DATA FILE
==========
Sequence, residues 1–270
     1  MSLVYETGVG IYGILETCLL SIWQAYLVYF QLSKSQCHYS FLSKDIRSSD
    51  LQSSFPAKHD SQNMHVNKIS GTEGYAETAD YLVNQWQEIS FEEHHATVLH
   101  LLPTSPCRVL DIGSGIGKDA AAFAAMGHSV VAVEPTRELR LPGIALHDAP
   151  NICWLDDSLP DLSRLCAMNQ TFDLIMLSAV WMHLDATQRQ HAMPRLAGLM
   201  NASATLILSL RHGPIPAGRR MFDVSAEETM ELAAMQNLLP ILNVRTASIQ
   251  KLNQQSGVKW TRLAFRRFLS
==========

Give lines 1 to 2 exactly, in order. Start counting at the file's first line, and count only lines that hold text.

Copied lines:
Sequence, residues 1–270
     1  MSLVYETGVG IYGILETCLL SIWQAYLVYF QLSKSQCHYS FLSKDIRSSD